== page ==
In my motorcycle camping days I relied on keeping my body topped up with JD and unfiltered smokes. Few biters are willing to attempt to feed on that mixture. A T shirt in hand used as a cow tail discouraged them from flying too close to my drink 8p

Now that I'm living a bit healthier (meaning I'm too old to feed on poison now too) I find long sleeves/pants treated with Permethrin augmented with a head net if the swarms are really thick works so well I rarely apply DEET on most trips.  I carry it, just don't seem to need it much if at all.

We use a natural mixture on The Tot, I think it is cedar oil based, so I know there are other options out there if chemicals really don't work for you. It doesn't work as well as DEET but it does smell nice!

Gary, your right about the garlic compounds coming out. Sweat is one way that the body sheds things it can't process, and the sulfurs in the garlic would be one of them. It does work to a small extent, but the main factor for insects gunning for you is more based on body type. This is largely linked to genetics, but also has to do with what foods you eat, google some health websites and they explain it much better than I can. As for DEET, it works wonderfully, the downside is that you're rubbing some pretty nasty stuff onto yourself. 

For backcountry, I know this stuff is out. But if just hitting the trails, with minimal bushwhacking, there is some mosquito netting hoodies and pants out there that work pretty darn well.

So what body type is the worst. I am tall slim at 6'7". I never use external repellents. Fact I never rub anything on my skin besides Neosporin on sores. And I use duct tape for a bandage because it stays on.

Hate to say it but @lonestranger that method during your motorcycle days sounds way more fun than any of the others listed ;)

Mosquitoes are attracted to CO2. If you stop expelling CO2, they won't bite you... and even if they did, it wouldn't hurt.

As with goose and north, I have heard about all the repellents mentioned and perhaps a few others. While some may have very limited effectiveness(minutes) in some places with mosquitos, I have found none as effective as DEET, or just protecting yourself by wearing the right clothing. In the Yukon, bugs are not as prevalent as many believe(it keeps the human population low) but when the bugs hatch, nothing beats DEET as an effective repellent. I don't doubt that there are instances where some one might think, "Wow, that Vitamin B really saved me" but there is no scientific evidence to support those claims. I wear clothing from the Original Bug Shirt Company(no affiliation they just work for me). The old timers used to use bear grease. Possibly effective, but a PITA.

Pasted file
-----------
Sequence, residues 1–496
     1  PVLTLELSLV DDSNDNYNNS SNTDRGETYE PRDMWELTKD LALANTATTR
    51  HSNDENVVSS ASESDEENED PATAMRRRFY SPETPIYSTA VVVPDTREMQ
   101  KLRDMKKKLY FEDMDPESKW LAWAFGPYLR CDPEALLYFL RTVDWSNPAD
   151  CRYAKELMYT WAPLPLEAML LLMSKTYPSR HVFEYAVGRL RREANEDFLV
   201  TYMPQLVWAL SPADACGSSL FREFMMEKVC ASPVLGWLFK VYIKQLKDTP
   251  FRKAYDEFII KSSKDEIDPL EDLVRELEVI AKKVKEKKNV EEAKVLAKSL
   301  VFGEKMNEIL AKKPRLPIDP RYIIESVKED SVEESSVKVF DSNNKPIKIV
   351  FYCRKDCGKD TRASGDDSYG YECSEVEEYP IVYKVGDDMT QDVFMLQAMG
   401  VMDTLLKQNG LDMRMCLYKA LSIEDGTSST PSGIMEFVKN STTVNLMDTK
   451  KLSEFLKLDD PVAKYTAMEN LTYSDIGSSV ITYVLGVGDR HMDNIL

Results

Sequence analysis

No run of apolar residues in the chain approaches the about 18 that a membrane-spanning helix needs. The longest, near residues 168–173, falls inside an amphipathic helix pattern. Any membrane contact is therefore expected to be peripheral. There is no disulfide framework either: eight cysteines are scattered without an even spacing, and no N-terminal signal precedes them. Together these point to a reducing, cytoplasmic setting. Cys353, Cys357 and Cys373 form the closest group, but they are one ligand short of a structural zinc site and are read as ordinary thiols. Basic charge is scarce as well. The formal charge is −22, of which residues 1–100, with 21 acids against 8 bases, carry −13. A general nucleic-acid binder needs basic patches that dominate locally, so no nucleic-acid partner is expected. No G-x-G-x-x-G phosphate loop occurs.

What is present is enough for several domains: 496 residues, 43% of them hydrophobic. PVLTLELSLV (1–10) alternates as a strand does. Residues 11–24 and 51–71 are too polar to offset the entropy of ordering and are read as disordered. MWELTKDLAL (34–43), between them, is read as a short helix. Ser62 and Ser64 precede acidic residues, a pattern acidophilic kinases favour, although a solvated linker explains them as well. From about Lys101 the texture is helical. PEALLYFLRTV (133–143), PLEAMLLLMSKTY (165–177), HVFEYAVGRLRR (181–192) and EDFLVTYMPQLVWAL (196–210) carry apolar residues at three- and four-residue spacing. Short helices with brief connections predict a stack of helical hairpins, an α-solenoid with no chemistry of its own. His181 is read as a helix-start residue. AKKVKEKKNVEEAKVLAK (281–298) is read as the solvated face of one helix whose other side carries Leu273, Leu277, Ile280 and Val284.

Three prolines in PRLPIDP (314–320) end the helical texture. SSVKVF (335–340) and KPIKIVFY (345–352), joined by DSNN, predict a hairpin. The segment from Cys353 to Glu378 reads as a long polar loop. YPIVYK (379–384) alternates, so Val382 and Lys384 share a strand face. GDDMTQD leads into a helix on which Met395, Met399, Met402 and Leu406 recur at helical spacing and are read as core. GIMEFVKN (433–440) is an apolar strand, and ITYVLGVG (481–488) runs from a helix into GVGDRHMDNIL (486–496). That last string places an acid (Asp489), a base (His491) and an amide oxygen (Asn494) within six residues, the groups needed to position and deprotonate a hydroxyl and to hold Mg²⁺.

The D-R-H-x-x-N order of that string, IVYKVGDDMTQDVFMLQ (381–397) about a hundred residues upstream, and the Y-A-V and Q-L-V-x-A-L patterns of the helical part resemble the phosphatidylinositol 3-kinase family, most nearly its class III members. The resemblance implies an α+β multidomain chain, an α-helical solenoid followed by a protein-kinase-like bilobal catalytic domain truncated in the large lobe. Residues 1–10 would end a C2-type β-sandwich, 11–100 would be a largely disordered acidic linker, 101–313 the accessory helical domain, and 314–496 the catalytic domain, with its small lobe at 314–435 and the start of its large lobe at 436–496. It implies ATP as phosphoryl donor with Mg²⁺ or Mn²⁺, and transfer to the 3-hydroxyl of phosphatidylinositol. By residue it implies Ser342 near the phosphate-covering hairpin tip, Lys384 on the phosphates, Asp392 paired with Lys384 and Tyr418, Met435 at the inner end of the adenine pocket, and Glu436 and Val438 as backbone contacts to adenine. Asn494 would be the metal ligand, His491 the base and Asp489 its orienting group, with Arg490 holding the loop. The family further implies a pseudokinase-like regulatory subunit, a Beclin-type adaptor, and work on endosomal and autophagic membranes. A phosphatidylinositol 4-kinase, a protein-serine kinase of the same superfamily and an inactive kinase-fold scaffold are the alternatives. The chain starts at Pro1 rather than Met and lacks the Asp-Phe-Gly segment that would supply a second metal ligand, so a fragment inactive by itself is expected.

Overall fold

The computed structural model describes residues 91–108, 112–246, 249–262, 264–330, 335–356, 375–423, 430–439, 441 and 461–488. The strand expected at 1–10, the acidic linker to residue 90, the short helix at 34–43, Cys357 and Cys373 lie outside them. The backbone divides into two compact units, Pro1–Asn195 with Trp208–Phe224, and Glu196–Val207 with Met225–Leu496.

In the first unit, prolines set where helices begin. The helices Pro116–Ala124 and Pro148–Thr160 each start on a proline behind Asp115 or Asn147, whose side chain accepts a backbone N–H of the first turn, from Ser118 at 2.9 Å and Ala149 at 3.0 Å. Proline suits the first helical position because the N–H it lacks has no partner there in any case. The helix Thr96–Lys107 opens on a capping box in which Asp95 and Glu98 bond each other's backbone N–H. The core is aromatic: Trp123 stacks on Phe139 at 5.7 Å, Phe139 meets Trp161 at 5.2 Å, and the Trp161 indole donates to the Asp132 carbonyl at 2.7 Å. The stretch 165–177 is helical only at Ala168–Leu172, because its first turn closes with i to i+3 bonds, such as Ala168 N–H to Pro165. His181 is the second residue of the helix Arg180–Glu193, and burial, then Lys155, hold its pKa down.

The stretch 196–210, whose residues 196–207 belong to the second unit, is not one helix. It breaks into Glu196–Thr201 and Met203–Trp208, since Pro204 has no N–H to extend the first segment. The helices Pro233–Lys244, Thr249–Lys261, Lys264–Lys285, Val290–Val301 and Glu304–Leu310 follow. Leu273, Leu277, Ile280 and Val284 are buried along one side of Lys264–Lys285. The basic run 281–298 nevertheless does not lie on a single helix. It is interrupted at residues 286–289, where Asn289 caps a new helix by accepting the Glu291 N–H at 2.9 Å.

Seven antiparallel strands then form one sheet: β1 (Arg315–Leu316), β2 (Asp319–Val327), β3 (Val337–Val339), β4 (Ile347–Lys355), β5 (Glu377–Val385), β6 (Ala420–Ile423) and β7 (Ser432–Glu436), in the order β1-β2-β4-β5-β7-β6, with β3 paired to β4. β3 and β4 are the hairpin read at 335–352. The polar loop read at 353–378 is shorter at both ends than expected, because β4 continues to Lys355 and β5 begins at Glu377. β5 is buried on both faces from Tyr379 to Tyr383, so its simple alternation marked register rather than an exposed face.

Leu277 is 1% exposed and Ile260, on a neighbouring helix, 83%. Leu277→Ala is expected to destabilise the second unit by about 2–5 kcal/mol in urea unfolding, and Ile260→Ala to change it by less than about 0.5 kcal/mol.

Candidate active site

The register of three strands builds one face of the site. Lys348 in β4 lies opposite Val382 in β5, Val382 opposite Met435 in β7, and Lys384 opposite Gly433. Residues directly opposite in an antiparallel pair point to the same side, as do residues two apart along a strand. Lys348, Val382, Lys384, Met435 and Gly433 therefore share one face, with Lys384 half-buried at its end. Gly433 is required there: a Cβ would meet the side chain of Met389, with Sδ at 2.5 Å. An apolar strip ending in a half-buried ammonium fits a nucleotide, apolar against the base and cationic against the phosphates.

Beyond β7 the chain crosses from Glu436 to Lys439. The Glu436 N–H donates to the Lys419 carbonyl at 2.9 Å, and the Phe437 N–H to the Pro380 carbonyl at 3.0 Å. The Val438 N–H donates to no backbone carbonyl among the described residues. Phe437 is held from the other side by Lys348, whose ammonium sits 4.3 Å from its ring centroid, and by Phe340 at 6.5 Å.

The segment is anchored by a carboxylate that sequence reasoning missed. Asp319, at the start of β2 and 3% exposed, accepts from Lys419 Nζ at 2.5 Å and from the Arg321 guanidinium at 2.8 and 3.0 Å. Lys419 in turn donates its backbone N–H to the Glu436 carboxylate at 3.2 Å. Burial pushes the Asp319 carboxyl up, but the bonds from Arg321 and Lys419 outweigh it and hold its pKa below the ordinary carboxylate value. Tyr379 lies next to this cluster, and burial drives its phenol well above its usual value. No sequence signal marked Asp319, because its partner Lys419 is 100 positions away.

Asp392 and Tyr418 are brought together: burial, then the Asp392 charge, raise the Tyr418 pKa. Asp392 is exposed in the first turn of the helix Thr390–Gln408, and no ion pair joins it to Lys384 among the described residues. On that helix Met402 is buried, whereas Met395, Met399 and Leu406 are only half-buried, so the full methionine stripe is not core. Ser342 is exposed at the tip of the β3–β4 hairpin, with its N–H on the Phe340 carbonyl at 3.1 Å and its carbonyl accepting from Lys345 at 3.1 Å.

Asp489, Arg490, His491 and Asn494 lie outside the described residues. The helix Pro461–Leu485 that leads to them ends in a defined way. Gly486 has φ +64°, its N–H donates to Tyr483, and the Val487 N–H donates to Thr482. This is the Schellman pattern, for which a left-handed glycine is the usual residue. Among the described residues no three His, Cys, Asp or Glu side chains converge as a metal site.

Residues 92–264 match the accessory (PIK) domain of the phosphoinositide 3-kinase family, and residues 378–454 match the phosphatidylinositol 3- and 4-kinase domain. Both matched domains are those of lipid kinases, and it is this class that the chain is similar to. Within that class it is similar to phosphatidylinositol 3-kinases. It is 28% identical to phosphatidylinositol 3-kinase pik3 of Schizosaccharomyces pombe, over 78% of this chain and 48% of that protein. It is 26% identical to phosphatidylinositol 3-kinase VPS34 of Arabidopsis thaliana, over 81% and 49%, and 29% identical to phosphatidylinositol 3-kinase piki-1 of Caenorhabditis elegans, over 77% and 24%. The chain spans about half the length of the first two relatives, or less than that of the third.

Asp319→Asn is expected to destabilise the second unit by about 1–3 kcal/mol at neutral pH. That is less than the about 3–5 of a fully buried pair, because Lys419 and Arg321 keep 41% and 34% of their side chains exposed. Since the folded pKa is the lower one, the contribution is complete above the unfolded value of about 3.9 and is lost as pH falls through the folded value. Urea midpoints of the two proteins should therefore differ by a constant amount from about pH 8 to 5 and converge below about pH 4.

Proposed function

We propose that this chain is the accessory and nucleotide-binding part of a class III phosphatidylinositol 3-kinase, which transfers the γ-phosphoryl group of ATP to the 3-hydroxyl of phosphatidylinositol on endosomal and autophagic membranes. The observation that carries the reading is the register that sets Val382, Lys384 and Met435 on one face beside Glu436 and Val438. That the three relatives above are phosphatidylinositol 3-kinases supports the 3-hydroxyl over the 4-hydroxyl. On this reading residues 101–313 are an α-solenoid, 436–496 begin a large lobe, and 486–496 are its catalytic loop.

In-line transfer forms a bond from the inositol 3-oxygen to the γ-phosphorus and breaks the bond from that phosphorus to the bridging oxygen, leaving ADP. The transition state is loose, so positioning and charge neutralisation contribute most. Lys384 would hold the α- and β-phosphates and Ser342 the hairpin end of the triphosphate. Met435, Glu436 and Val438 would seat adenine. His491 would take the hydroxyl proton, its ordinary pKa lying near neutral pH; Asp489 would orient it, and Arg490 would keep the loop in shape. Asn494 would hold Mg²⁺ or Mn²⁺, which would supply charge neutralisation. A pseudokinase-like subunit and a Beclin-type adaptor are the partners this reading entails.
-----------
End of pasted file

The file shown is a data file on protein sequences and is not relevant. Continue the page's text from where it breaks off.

Mosquitos are also attracted to certain shades and colors, dark blue being the worst. This is why I was so disappointed in the outdoor clothing industry a couple of years ago when they decided that the bright flashy colors were out and the earth tones and subdued colors were in. I couldn't get a bright yellow, lime green or orange anywhere, just dark greens, blues, and browns.

I hang anything that smells, regardless of whether or not it's edible. I have no studies to cite, or relevant experience - I just know that it keeps me from worrying and helps me sleep!

What do they use in malarial countries where it is a life/death issue?  I don't hear of them using much else but DEET and mosquito nets.  I have no firsthand experience to back this up though. 

I'd think the bears would rather eat someone pre-seasoned with garlic though.  Just a guess.

People living in countries with a high risk of malaria and other diseases which use mosquitoes as a vector, will often use nets. However, there are problems that arise in using cheap netting that is not fine enough to keep the little pests out. Also, some communities I have worked in often use the nets for fishing rather than disease protection; people will often find it more prudent to deal with the short term problem of hunger than the long term one of disease.

I remember working in one community in which the people regularly painted their homes with a solution made of DDT. I was quite surprised to find out that, although prohibited in much of the developed world, countries such as the U.S. still sell DDT to developing nations. When used properly, DDT is relatively safe.

In spite of this protection, the mortality rate from blood-borne pathogens like malaria is astronomical, especially for children. My hope is for a vaccine.